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Probes for Function-Based Microbial Sorting

Battelle Number(s): 31013-E
Clearance Number: PNNL-SA-150191
Patent(s) Pending
Available for licensing in all fields
  • PNNL''s microbial probe is the only technology of its kind that can determine the function of microbes, enzymes, and the like in biological samples, such as air, soil, water, and host-associated, shown here in the human gut.

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More and more, scientific advancements in energy production, plant nutrition, and bioremediation rely on characterizing microbial communities beyond their genomes and messenger RNA molecules into how they function in their environment. But current techniques for characterizing microbes from their environment universally fail to provide a way to sort based solely on function, rather they rely entirely on genome inference.

Researchers at Pacific Northwest National Laboratory have developed function-based microbial probes that identify, sort, and quantify microbes, enzymes, toxins, and the like in biological environments such as soil, water, air, and host-associated organisms. The technique couples the measurement of biochemical activity with the identification of species, such as microbes and enzymes, involved in that activity. For example, by inserting a probe into the microbiome, researchers can identify which members of the community are involved in the degradation of various resources, such as cellulose, chitin, proteins, and lignin. PNNL can provide the probes for use or a method and kit for building probes or for performing function-based sorting of communities.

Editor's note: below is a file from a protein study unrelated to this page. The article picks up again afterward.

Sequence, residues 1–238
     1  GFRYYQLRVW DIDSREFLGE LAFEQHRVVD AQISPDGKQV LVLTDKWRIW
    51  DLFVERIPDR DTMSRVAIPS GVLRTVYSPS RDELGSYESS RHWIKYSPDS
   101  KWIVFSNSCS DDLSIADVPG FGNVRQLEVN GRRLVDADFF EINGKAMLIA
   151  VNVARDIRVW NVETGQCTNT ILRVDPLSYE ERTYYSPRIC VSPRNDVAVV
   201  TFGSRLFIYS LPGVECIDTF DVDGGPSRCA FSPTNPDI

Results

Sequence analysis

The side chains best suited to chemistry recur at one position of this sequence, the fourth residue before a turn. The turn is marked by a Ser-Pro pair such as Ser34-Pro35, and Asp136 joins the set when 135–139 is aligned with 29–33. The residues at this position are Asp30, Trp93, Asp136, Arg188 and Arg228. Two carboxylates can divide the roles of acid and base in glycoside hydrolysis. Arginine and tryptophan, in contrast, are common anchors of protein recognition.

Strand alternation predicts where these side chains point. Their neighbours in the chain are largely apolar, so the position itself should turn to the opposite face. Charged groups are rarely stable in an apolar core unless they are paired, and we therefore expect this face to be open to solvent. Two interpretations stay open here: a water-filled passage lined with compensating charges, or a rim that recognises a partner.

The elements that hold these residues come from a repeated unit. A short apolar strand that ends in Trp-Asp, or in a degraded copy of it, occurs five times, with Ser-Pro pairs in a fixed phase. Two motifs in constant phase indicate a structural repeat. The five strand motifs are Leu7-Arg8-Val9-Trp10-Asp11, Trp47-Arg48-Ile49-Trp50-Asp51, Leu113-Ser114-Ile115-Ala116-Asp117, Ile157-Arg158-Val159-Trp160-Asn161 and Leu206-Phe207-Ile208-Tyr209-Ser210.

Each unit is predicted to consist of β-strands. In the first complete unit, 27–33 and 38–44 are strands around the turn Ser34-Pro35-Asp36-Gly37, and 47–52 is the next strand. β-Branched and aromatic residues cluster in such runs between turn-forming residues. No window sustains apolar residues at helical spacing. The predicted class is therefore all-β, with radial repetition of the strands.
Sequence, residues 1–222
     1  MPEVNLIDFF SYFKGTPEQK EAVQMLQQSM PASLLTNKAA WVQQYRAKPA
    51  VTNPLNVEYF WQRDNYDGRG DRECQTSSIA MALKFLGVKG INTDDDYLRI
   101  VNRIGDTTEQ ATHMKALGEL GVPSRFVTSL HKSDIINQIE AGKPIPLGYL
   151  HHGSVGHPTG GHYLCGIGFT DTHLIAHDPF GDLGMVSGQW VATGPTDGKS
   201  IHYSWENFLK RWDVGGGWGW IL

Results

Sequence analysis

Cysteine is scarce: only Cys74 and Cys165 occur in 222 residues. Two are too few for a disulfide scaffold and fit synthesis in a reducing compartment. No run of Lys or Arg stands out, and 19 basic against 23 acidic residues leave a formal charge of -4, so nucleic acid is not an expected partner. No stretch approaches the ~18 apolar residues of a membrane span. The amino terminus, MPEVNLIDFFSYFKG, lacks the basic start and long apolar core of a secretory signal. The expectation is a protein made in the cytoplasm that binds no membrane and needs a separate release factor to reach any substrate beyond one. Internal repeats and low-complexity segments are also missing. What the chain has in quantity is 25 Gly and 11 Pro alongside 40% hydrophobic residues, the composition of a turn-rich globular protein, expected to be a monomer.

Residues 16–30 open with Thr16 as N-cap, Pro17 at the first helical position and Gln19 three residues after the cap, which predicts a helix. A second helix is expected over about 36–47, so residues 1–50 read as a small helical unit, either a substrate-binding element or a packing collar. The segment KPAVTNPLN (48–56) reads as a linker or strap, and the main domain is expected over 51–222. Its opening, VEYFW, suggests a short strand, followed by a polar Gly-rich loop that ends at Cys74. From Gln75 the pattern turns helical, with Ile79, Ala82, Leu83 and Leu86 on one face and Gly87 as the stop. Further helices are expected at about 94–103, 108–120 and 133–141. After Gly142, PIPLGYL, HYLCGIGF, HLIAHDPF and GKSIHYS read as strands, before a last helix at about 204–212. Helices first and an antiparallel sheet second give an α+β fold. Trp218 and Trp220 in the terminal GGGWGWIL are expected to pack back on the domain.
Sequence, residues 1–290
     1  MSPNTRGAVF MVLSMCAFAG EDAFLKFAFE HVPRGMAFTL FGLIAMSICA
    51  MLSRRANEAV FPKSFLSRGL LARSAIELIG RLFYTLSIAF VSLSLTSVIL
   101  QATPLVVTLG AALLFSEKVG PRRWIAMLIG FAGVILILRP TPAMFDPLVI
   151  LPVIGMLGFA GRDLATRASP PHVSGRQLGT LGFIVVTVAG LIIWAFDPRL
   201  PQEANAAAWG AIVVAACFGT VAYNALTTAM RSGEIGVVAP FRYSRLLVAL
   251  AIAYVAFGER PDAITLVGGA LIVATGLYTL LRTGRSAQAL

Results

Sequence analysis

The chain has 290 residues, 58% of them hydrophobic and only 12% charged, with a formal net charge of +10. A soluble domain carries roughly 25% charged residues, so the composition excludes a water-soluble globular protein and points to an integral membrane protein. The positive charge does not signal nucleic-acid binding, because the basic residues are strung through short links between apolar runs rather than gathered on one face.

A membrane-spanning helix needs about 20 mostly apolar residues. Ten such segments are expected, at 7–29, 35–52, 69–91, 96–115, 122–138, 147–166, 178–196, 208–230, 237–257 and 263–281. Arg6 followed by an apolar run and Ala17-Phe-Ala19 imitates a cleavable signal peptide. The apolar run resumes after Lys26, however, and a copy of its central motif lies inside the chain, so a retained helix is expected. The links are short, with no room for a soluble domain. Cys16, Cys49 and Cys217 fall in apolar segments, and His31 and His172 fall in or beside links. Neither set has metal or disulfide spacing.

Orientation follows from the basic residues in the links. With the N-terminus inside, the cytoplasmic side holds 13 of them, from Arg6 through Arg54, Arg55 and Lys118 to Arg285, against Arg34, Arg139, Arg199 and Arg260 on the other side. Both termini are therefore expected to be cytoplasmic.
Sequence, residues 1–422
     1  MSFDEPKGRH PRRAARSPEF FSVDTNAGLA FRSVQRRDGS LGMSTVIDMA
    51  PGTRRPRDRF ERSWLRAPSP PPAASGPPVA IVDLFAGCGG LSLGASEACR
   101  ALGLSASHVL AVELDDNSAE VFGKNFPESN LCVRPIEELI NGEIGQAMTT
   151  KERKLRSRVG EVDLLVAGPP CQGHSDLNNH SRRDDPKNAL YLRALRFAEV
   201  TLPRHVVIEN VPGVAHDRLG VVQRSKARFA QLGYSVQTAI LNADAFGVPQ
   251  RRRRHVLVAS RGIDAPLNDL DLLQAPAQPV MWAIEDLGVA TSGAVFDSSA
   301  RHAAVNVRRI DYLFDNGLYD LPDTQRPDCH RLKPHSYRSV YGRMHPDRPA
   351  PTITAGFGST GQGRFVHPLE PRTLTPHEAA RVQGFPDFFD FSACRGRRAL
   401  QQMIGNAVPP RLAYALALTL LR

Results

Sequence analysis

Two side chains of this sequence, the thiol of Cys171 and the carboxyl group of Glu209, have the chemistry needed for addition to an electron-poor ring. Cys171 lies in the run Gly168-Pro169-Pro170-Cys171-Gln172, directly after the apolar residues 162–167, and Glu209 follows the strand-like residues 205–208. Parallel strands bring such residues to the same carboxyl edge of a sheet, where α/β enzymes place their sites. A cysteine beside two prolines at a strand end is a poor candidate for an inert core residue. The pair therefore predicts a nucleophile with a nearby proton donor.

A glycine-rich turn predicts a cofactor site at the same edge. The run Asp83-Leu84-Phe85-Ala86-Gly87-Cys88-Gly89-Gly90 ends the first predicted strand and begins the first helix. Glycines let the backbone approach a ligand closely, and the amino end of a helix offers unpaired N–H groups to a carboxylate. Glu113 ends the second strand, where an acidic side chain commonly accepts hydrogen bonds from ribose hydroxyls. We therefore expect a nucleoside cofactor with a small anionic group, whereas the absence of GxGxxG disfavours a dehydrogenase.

The technique has been used to study an enzyme related to drug metabolism and important for microbial carbon acquisition. The probe successfully revealed the composition of the microbiome and proved that simply numbering species, a common approach today, isn’t enough to quantify function. 


Microbial probes could be used to identify microbes, enzymes, toxins, and the like involved in microbiomes that could support

  • biofuel or bioenergy production
  • nutrient cycling through soils, plants, animals, or the human body
  • bioremediation
  • toxin detection
  • single-cell genome sequencing.


  • Is the only approach of its kind to sort by function rather than genome, opening doors to new research
  • Addresses a challenge to discover and study new metabolic activities
  • Can be used on cell, soil, and aquatic samples



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